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Hand plane rennovation?

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A

Anonymous

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Andy,

Hmm, good one. I have a feeling that you may be out of luck. Off hand, the only place I know of that renovates old planes at all is The Old Tool Store, and as far as I know Ray Iles paints his. :cry: There are instructions for doing it yourself floating about the 'Net somewhere, but I believe the only source for the japaning is (again and inevitably) in the States. :roll:

Just curious, but why d'you want 'em re-done? It'll do their value no favours and it certainly won't make 'em work any better. Mind you, I'm one of those people with a load of planes all missing their japaning to a greater or lesser extent; it just doesn't bother me.

Anyway, not much help but a good gloat on your part :wink:

Cheers, Jester
Bedrock-less in Cornwall
 

AndyBoyd

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My 606, 607,and 608 are pretty rust and I just like nice new shiney things I guess. The value is not an issue to me as I bought them for use and not for investment. The 3 mentioned above I got for a steal of 30 - 50 $ each (I used to live in the US), so I think rennovating them will make them look nice and increase their value. I thought since I'm getting those 3 done I might as well get the rest done, the guy in the US only charges 30 to 60 $ (postage would kill it of course!) per plane and I've been forward emails from delighted customers. He even gave me the jappaning recipe:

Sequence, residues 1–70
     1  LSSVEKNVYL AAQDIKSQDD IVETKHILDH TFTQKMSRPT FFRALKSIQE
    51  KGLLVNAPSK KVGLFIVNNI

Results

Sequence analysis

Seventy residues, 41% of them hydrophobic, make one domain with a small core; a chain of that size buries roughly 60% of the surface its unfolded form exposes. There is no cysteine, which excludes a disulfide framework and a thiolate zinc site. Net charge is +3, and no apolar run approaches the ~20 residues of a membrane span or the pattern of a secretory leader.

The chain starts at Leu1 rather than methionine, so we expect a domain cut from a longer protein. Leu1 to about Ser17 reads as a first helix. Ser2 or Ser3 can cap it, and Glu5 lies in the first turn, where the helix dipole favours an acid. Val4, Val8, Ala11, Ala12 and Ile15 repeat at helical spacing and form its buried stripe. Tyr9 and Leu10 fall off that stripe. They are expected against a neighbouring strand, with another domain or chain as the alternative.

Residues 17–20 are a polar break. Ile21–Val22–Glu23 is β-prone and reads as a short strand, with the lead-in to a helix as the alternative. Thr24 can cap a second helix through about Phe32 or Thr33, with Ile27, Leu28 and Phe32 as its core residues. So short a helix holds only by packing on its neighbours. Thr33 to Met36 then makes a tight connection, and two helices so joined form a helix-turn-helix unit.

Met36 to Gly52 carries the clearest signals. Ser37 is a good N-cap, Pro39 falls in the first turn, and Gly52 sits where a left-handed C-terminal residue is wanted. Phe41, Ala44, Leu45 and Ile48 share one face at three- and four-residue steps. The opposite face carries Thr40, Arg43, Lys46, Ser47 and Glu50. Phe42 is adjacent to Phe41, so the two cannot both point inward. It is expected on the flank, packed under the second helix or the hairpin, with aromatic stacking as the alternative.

"Andy -

The original black japanning is asphalt based. When applied and then baked, it will form an almost glass hard surface. The original formula is sometimes referred to as "Pontypool Asphaltum". I make my own using the original highly guarded secret recipe. :)

http://www.paranoia-towers.com/alchemy/pontypool.htm

(knowing the ingredients ain't the hard part!)

To remove the rust, use electrolysis. Nothing else will neutralize the rust that has formed INSIDE the porous cast iron. Afterwards scrub with hot soapy water and a scotch brite pad. Bake to remove the water absorbed by the cast iron. Brush on about 3 coats of Japanning, letting it dry betewen coats. Then bake at no more than 400 degrees for 2 hours in an electric oven. A gas oven can be used if you first pre-heat the empty oven, then turn off the heat while the plane heats up. Turn the gas back on after the plane has gotten hot. (moisture in the gas combustion)

Do the above, or, send it to me! :)


PlaneWood by Mike_in_Katy
PlaneWood "

but as he states knowing what is japanning is not the same as being able to do it - just like hand cut dovetails huh?

Anyway thanks for getting back to me and let's hope this BB takes off I get a bit fed up of always using the ones at Fine Woodworking:
http://forums.taunton.com/tp-knots/ with talks of Dado heads, 110v , table saws with no guards or splitters and an NVR switch being a novelty, never mind feet and inches, I'm 37 and have never been taught feet and inches!